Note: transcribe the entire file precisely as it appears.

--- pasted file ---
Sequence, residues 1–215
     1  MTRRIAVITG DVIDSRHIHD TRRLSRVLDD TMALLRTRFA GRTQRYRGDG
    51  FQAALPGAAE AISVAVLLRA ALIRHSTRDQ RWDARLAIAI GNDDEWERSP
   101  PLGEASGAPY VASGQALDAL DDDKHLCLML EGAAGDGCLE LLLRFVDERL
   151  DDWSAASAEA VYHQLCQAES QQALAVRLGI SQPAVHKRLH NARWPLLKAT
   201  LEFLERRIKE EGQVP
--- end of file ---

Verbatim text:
Sequence, residues 1–215
     1  MTRRIAVITG DVIDSRHIHD TRRLSRVLDD TMALLRTRFA GRTQRYRGDG
    51  FQAALPGAAE AISVAVLLRA ALIRHSTRDQ RWDARLAIAI GNDDEWERSP
   101  PLGEASGAPY VASGQALDAL DDDKHLCLML EGAAGDGCLE LLLRFVDERL
   151  DDWSAASAEA VYHQLCQAES QQALAVRLGI SQPAVHKRLH NARWPLLKAT
   201  LEFLERRIKE EGQVP